A trip to an outdoors store found my son at odds with a stuffed GOOSE. This led into fear of a goose in one of his books. When the connection was made, my son signed GOOSE before going to bed and at his nap time. He’d even sign it when he awoke. On a whim, I had my wife ask him if he would wanted the book to be brought out of his room. He got excited and so we knew the goose at the store bothered him and now he found it uneasy to sleep with an image of a goose in the book beside him.
Later we learned that a blue ELEPHANT bothered him as well. He would do the elephant sign and sound to let us know he wanted it gone. At one point he woke up in an usually enthusiastic cry which was out of the ordinary, but had occurred before. The first few time it happened he wasn’t signing yet so we had no clue, but later on we discovered that had had a bad dream.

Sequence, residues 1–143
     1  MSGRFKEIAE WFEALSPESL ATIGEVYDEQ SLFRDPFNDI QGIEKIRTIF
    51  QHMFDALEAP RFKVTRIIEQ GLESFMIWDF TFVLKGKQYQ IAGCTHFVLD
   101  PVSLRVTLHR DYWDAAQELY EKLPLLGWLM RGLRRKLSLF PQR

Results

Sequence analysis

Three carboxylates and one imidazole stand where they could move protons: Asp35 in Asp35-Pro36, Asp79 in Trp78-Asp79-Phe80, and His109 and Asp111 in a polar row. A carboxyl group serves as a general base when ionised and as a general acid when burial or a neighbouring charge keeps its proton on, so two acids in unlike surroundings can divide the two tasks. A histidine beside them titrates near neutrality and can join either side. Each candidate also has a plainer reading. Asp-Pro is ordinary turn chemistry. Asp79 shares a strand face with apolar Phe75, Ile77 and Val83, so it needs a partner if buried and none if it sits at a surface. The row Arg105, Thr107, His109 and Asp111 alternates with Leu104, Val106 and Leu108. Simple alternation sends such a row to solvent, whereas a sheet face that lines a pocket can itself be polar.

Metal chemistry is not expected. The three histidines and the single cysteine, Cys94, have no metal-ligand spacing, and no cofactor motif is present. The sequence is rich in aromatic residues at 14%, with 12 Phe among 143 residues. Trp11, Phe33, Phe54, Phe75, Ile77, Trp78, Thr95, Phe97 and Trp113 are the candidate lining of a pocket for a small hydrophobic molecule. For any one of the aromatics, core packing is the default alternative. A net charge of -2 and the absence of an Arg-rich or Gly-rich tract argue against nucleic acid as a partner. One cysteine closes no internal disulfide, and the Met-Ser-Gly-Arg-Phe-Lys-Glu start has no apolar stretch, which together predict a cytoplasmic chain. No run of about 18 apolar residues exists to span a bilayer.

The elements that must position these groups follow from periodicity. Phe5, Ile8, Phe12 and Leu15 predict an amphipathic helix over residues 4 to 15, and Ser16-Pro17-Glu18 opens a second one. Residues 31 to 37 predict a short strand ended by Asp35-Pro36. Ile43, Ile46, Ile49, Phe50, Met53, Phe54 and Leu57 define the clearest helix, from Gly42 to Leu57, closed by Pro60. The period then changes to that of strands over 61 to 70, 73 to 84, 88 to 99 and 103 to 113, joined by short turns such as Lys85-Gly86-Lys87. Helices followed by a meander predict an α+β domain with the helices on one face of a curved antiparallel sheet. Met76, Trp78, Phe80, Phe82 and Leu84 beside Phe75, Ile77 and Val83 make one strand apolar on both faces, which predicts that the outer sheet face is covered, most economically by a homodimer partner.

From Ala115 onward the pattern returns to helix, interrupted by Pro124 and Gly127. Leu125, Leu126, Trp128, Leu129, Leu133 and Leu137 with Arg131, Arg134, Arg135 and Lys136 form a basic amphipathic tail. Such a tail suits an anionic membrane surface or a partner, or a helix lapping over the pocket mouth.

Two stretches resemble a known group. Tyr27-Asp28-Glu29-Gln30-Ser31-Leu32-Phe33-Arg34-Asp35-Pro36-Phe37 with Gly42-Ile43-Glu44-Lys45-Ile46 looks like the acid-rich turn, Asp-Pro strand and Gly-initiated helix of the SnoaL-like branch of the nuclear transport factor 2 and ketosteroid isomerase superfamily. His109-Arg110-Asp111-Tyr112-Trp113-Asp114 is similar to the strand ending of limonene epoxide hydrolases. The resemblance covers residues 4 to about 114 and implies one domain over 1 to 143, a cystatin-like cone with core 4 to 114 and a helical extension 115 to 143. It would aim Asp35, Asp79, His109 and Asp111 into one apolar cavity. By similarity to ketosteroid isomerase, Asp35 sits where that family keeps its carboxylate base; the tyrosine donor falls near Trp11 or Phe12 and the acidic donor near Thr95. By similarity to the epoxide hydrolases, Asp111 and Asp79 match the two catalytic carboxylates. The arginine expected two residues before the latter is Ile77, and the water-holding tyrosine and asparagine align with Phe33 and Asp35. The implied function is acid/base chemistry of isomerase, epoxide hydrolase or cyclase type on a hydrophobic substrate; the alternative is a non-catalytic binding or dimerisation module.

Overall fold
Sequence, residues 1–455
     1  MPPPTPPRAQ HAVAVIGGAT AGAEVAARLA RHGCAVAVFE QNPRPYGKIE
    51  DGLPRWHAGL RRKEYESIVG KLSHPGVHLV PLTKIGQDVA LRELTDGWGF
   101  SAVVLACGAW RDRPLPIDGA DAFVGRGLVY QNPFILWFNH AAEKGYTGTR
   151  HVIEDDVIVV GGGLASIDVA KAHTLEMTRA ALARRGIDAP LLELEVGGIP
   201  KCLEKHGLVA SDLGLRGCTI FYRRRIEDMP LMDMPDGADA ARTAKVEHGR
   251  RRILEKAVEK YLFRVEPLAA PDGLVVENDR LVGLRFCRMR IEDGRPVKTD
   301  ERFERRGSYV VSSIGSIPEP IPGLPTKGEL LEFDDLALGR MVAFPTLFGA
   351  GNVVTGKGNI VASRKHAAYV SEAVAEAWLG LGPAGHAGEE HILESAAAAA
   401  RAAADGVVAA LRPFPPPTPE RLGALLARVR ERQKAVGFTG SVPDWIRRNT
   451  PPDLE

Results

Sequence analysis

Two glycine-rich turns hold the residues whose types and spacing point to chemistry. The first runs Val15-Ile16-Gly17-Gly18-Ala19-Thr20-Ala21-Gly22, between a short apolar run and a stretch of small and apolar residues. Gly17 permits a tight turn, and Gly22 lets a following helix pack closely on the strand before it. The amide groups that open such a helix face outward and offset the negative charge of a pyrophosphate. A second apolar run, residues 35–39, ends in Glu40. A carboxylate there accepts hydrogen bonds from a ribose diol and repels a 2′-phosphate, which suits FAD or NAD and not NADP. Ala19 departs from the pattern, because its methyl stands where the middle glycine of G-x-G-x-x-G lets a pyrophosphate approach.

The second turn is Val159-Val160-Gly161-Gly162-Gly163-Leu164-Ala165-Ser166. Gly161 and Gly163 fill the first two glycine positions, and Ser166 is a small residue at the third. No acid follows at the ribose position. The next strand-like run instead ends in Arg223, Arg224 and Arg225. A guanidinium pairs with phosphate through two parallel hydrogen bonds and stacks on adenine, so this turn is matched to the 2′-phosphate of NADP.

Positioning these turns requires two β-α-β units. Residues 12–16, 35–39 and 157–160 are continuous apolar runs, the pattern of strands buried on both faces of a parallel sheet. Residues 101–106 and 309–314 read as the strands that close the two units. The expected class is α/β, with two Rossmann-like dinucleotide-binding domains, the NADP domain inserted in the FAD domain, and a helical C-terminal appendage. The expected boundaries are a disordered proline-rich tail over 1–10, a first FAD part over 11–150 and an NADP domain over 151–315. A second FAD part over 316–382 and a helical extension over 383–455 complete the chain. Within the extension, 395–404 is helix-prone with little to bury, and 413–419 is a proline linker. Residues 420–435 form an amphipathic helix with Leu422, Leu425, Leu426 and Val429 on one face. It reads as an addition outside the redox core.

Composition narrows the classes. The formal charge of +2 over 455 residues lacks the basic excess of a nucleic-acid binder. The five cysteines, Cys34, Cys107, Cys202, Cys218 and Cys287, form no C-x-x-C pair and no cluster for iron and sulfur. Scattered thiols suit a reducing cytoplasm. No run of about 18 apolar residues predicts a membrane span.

Signing is a great way to figure out exactly what is bothering your baby. If frequent night terrors occur in your preverbal baby try teaching the sign for SCARED which is two fists out in front with bent elbows which are then clenched and vibrated as if startled. This sign should be taught in context so whenever you see that your baby is startled by something such as an animal or a stranger, be sure to do the sign. Then when your baby wakes up in the middle of the night ask them if they are scared and to repeat the sign back. If your child does, then you can be pretty sure that they’ve had a bad dream. The next step is to discover the cause and if possible remove it. If you can’t find something, think back to the day and think about any new things that your baby saw or heard that might be startling them. From there, you might consider discussing why it isn’t a danger and that it’s okay to go back to sleep.
The sign for SCARED can be a valuable word for certain babies so teach it like you would teach HURT to a baby who is more clumsy or rambunctious than others.